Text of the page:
By Rhys Merideth, Oliver Platts, Kian Patel, Velizar Zlatev, Saihej Ailwadhi and Nial Nolan (University of Bristol), Nancy Huang (University of Melbourne)
Photo: Fahad Waseem (Unsplash)
Overview of the deal
Total Transaction Size: $1.2bn
Closed date: June 2022
Target advisor: RBC Capital Markets
After acquiring Hunkemöller in 2016, the American PE firm, The Carlyle Group is selling the retail brand to the two Dutch firms, Parcom Capital and Opportunity Partners, while retaining a minority stake. Hunkemöller operates more than 900 stores in 17 different countries with projected revenue of EUR 690 million in 2022 growing from EUR 400 million back in 2016. In the past 6 years, the lingerie brand has quadrupled its omni-channel business, extended its physical footprint and invested towards digital sales through third party platforms such as About You, Zalando, ASOS.
The new investors have an existing track record in developing retail and e-commerce consumer goods brands which would support the ambition of Hunkemöller. One of Parcom’s core businesses is HEMA, a general merchandise retail chain with 11,000 employees with a strong presence in the Benelux area. The know-how from HEMA would support the expansion plans for the lingerie brand.
Company Details (Acquirer - Parcom)
Founded in 1982, headquartered in Amsterdam, Netherlands
CEO / Key Partner: Erik Westerink
Asset Under Management: €1.5 billion (as of 08/11/2002)
Partner Company Investments: 130+ including add-ons
One of the Netherlands’ largest private equity firms, Parcom was founded in 1982 and currently holds stakes in partner companies in more than 25 countries internationally. Parcom’s 28 employees currently actively manage a €1.5 billion portfolio. The 18 companies Parcom currently holds stakes in are highly diverse, ranging from materials manufacturing (Tailor Steel, TenCate) to consumer staples (HEMA, Dayes). Between October 2020 and now, Parcom Capital has acquired 7 companies operating primarily in the European region, with total revenue of around €300 million for platform assets.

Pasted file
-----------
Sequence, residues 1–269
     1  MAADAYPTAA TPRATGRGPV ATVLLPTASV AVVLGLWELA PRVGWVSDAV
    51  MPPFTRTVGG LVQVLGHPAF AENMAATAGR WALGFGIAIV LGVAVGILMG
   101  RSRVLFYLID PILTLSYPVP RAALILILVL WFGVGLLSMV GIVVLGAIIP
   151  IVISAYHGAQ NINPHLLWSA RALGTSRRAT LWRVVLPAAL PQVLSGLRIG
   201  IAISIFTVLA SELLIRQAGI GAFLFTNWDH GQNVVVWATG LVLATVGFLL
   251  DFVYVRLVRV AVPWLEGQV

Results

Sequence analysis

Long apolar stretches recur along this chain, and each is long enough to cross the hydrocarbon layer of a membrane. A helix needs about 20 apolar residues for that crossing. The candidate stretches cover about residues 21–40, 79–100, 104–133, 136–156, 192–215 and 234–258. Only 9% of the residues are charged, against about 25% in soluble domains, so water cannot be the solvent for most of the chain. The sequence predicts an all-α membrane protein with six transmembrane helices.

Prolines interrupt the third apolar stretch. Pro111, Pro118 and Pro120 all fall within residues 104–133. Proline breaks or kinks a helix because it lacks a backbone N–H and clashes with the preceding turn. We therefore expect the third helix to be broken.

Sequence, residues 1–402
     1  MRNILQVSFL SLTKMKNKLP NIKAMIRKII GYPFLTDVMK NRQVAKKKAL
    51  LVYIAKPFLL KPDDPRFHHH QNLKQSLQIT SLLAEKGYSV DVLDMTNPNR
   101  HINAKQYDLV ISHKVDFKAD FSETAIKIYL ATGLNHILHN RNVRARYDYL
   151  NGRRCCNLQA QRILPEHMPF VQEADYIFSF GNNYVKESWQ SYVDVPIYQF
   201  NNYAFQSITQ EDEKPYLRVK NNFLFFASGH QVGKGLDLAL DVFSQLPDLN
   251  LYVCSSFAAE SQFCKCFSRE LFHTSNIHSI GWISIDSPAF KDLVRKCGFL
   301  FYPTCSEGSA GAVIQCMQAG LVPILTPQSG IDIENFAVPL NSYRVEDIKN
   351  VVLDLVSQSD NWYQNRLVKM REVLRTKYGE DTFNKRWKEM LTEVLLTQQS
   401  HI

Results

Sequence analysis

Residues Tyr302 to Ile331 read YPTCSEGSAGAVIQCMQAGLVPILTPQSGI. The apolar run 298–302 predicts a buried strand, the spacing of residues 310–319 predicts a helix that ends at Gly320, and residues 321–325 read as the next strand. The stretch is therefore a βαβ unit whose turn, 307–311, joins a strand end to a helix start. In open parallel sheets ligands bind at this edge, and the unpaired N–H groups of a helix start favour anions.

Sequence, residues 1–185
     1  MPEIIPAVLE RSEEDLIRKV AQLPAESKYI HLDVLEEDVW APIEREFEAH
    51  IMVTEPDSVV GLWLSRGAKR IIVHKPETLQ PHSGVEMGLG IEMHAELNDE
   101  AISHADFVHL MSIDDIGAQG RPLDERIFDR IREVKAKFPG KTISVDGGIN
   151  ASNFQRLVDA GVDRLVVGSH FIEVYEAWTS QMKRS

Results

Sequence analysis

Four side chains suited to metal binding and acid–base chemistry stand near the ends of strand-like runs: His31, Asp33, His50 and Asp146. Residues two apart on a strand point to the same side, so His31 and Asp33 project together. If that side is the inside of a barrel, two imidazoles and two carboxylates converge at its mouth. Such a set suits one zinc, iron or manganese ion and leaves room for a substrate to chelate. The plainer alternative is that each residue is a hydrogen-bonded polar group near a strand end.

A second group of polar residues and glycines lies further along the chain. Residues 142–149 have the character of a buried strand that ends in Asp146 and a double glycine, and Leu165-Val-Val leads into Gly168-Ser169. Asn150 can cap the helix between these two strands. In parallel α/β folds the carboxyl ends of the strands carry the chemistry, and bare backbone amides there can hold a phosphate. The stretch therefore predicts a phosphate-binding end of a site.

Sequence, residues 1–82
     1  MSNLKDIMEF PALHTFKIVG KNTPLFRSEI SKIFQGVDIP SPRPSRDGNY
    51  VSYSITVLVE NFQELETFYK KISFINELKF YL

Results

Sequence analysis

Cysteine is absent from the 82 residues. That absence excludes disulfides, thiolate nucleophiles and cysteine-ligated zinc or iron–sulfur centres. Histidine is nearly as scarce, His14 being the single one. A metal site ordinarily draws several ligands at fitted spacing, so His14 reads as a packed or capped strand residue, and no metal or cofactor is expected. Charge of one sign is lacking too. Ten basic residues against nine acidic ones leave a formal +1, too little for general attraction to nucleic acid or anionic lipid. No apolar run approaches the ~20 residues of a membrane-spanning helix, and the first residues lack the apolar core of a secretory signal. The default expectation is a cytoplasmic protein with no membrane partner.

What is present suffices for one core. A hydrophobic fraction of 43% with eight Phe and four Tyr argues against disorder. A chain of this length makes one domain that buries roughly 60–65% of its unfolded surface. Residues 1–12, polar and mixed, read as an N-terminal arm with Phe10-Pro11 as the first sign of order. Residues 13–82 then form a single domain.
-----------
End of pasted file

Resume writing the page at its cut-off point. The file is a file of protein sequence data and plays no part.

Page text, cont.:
Company Details (Target - Hunkemöller)
Hunkemöller is a company based out of the Netherlands that sells Lingerie, with over 850 stores in Europe and a growing e-commerce presence online.
Founded in 1886
Headquartered in Hilversum, Netherlands
CEO: Philip Mountford (2009 - present)
Number of employees: 7,400 (2021)
Projections and Assumptions
With a shifting focus towards sustainable investing, Parcom may face some difficulties positioning Hunkemöller amongst its competitors in the highly competitive apparel industry. Hunkemöller is advertised as an affordable brand with a significant e-commerce presence. A logical strategic implementation is to collaborate with other fast fashion e-commerce retailers such as ASOS, About You, and Zalando, hence advertising itself as a cheaper, trendy lingerie alternative.
On the upside, Hunkemöller envisions itself to transform the business into one of the largest lingerie omni-channel brands in Europe. Hunkemöller may reposition itself as a premium brand that produces quality products to increase customer’s willingness to pay, at the same time, maintain its low cost by leveraging the new joint partners’ experience in brand scaling, marketing, and investment in technology.